Rector was already a millionaire by the time she had turned 18 in 1920. She owned stocks, bonds, a boarding house, businesses, and a 2,000-acre piece of prime river bottomland. At that point, she left Tuskegee and, with her entire family, moved to Kansas City, Missouri. She purchased a house on 12th Street, known as the Rector House, which is currently owned by a local nonprofit, with the intention of restoration and historical and cultural preservation.

Rector was living her best life.[hey. Don’t listen to that at work] She threw lavish parties and entertained celebrities such as Count Basie and Duke Ellington. She died in 1967, at the age of 65. She’s interred in her childhood hometown of Taft.

I have lots to say about this and not a lot of time to say it but the main point is that she died NOT THAT LONG before I was born. Also can you imagine being so rich that they call you white just so you can live your life with YOUR GODDAMN money?

That’s all folks! Happy Friday!

See you next week. Up to you to figure out if that’s a threat or a promise!

Today is one of these days where I wanna talk about me. Like, I love dropping random songs into my facts. I also love corny jokes (which most of y’all know) I am a number nerd. I LOOOOVE numbers (And numerology! Because numbers! FOR INSTANCE. Yesterday was 2/2/22. Yes. I was very excited about this. So many 2s! DID Y’ALL KNOW that the number 2 is about partnerships? The balance of 2 individual people, concepts, or things. A yin and yang, if you will. OR, in the context of what I’m doing here BLACK AND WHITE.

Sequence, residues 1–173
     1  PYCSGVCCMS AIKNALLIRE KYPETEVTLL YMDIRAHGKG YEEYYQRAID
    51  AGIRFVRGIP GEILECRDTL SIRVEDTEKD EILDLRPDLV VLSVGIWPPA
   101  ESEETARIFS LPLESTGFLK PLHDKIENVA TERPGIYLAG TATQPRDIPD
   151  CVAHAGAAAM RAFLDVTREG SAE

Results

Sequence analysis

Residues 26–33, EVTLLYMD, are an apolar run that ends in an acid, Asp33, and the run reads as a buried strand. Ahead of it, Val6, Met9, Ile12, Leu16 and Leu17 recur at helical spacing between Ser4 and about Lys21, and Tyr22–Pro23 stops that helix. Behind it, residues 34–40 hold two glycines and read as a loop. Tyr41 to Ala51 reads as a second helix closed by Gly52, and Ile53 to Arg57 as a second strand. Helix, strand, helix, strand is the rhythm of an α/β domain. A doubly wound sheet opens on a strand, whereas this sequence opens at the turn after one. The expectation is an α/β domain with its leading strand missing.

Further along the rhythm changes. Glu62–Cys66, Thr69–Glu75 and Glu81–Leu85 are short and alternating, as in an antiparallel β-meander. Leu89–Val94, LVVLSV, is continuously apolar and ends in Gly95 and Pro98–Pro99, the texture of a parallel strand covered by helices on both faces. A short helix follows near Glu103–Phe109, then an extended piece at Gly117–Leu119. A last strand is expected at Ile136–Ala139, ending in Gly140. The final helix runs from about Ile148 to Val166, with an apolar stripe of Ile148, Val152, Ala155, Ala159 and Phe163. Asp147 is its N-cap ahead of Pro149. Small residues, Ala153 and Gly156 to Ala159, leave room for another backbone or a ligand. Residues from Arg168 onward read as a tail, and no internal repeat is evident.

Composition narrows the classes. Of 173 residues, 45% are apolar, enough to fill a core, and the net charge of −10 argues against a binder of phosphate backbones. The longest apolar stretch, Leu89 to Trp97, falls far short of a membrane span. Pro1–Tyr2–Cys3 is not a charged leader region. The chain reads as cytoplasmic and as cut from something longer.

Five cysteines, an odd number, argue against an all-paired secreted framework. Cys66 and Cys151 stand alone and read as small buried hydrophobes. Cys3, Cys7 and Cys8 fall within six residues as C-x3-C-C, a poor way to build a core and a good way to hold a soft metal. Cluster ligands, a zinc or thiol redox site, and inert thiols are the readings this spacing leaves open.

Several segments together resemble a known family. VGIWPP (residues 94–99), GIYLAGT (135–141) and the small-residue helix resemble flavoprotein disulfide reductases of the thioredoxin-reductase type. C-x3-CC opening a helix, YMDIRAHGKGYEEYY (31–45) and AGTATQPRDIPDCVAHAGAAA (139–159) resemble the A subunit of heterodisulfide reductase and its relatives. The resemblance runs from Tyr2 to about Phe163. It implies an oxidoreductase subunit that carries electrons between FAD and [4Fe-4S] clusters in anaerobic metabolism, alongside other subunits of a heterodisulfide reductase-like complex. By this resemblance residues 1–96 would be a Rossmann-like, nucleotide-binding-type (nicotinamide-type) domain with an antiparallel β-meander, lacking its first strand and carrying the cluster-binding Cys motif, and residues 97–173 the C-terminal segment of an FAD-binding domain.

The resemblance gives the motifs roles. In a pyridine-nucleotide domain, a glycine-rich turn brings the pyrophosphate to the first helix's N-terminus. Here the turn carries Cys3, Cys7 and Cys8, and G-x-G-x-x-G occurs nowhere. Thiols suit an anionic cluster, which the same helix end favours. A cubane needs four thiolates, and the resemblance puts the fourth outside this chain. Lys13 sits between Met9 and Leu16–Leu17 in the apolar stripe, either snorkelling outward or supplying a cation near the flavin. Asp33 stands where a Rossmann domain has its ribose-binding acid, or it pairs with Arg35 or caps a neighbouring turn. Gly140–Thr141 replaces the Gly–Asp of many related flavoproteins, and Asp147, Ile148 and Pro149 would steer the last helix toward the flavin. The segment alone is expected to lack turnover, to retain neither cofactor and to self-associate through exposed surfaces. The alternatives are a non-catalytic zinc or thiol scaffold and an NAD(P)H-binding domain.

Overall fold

What does being a number weirdo have to do with any of this? WELL. Yesterday while I was not sending a new fact, I saw a fact that happened yesterday and I was slightly sad that I didn’t send it yesterday because also happened on 2/2 but, in 1948. Which lacks 2s. 74* years ago. But then I said to myself: I can send/write this tomorrow! Because I run this show and I run it on black people time.

ANYWAY Did you know that 74 years ago Harry Truman sent a special message to Congress about Civil rights?  AND BECAUSE I CARE, I read the whole message and it’s a lot (ahem. That’s what she said?), and because I know we don’t all have the bandwidth to read a bunch of bullsh*t, I mean…the entire message, Imma just…. Give y’all some cliff notes, because while TECHNICALLY I’m not writing this fact, Imma show my work because I don’t want y’all thinking I just be out here cutting and pasting all willy nilly.

Y’all ready to get into today’s fact?

AHEM :::pushes up glasses and cracks knuckles:::

By 1947 the question of black civil rights in the South** had become a national issue when a committee President Harry S. Truman appointed to study the issue called for legislation which among other things would to protect voting rights for Southern blacks and provide federal protection against lynching.  In response to the report President Truman sent a special message to Congress on the issue on February 2, 1948.  That message, the first by a sitting president to address the question of black civil rights, is linked here because I know ain’t nobody finna read all that.

The Beginning of the message:

To the Congress of the United States: